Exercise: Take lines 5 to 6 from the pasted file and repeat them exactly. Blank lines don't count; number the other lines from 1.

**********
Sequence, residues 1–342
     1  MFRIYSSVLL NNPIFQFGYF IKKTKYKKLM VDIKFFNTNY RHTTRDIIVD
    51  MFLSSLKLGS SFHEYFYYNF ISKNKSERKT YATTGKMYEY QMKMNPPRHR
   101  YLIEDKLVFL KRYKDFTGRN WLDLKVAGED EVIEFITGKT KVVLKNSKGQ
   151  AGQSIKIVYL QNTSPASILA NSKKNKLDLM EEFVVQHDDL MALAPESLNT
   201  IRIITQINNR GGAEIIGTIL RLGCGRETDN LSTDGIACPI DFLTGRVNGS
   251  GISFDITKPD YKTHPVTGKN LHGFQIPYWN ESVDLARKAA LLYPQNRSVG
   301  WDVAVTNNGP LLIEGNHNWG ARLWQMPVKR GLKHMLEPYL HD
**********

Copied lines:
   151  AGQSIKIVYL QNTSPASILA NSKKNKLDLM EEFVVQHDDL MALAPESLNT
   201  IRIITQINNR GGAEIIGTIL RLGCGRETDN LSTDGIACPI DFLTGRVNGS